A stylish bunch: why the impressionists loved fashion
A terrific show at the Met in New York shows us that when it came to their painting, Renoir, Manet and Monet often started with the clothes
Women in the Garden: Claude Monet’s painting, seen here in detail, is dominated by the meticulously re-created summer dresses, with their high-waisted bodices and voluminous crinoline skirts. Photograph: Musée d’Orsay
Bold as brass: a detail of the sumptuously dressed woman in Auguste Renoir’s The Loge looks out at us from an opera box with a sense of entitlement that seems to come from her lavish attire. Photograph: Samuel Courtauld Trust
Portait of a dress: a detail from Claude Monet’s painting of Camille Doncieux, his 19-year-old mistress. Photograph: Kunsthalle Bremen
Ghostly sheen: in Gustave Caillebotte’s Paris Street, Rainy Day, seen here in detail, the lavish individuality and colour of earlier paintings have given way to the other side of fashion: its creation of a uniform, depersonalised conformity. Photograph: Metropolitan Museum of Art
It seems too much the result of the marketing department’s fantasies. With the possible exception of Sex, Violence and Money , it is hard to think of a title for a blockbuster art show more crowd- pleasing than Impressionism, Fashion, and Modernity . The impressionists are sure-fire box office, and so is fashion. Throw in modernity for a touch of intellectual respectability and wait for the queues to form.
Yet cynicism quickly evaporates in the face of this superb exhibition, which is at the Metropolitan Museum of Art in New York until the end of May. (It opened last September at the Musée d’Orsay, in Paris, and will move on to the Art Institute of Chicago in late June.) It turns out that impressionism, fashion and modernity really do have a great deal to do with each other.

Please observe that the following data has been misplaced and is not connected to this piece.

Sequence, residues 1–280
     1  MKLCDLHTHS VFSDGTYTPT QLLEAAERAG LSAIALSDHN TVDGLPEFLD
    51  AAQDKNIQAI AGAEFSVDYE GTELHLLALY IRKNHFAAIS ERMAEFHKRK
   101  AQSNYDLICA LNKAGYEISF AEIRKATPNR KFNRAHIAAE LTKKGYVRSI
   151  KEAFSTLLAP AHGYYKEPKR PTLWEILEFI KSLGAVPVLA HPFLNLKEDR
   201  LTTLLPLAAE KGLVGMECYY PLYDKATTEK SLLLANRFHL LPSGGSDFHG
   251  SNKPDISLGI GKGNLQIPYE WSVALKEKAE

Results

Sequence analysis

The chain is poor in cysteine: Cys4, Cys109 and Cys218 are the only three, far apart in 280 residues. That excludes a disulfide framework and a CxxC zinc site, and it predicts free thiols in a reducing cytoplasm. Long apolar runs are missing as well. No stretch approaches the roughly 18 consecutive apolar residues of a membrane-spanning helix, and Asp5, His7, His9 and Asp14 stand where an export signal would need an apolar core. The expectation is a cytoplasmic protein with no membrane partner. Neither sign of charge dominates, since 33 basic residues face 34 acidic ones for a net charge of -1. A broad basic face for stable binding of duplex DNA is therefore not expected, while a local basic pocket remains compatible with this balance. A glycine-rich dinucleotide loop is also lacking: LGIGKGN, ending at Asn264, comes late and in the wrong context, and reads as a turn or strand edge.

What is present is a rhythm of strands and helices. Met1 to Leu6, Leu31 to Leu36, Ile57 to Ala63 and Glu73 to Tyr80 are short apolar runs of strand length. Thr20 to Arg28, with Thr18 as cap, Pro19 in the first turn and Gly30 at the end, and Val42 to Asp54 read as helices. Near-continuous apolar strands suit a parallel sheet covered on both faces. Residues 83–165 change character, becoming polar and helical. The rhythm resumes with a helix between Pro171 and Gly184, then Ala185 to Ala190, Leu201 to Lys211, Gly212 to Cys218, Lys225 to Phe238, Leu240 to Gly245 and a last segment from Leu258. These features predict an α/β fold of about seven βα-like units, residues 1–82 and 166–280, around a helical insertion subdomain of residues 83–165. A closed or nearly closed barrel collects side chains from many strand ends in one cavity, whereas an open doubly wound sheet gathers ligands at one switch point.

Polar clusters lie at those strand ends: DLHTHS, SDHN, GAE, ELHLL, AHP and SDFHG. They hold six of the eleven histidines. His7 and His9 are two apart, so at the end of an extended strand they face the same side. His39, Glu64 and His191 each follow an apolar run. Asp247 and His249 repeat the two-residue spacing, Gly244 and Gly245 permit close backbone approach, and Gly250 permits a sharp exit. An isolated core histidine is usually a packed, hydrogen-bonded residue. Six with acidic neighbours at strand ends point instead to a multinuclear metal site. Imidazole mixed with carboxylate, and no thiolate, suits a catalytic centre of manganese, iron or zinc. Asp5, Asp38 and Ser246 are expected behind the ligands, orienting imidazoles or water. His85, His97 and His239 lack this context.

In some respects, the most shocking picture in the show is an 1867 portrait by Henri Fantin-Latour of a perfect mid-century bourgeois gentleman. He is wearing a beautifully tailored black frock coat over a perfectly fitted waistcoat hanging from which we can see just the right amount of his fine gold watch chain. On his head is a sleekly shiny and improbably tall silk top hat. In his hands, from one of which dangles a brown kid glove so sensuously painted that you can almost feel its softness, he holds a silver-topped cane. Everything about the man’s dress speaks of money, taste and, above all, care. He cares deeply about his clothes.
Dedicated followers of fashion
And who is this impeccably turned-out gentleman? None other than the great impressionist Édouard Manet: the same Manet who had scandalised bourgeois society with his infamous Le Déjeuner sur l ’Herbe , with its naked woman among clothed men, just four years earlier. Yet this is Manet as he wishes to be seen: not just clothed but very self-consciously dressed. These men, you realise, take fashion very seriously indeed.
When we look at impressionist paintings now, we see all sorts of things: the light, the brush strokes, the subjectivity of the image. It is easy to forget that at least part of what the artists wanted us to see were the fabulous frocks.
The exhibition often juxtaposes real period dresses with their representation in paintings and it is startling how literal that representation can be. The first great painting on show is Claude Monet ’s breakthrough work, Camille , painted in 1866. One would normally say that it shows, in virtual life-size, Monet’s 19-year-old mistress, Camille Doncieux. But the context makes us face the truth that it would be more accurate to say that it is a portrait of a dress: the long, trailing, green-and-black-striped alpaca and silk number that stands next to the painting. Of the woman herself, we see only one hand and her face turned almost in profile, her eyes almost closed, so her features and personality remain obscure. Dominating the image are her black fur-trimmed jacket and especially that dress.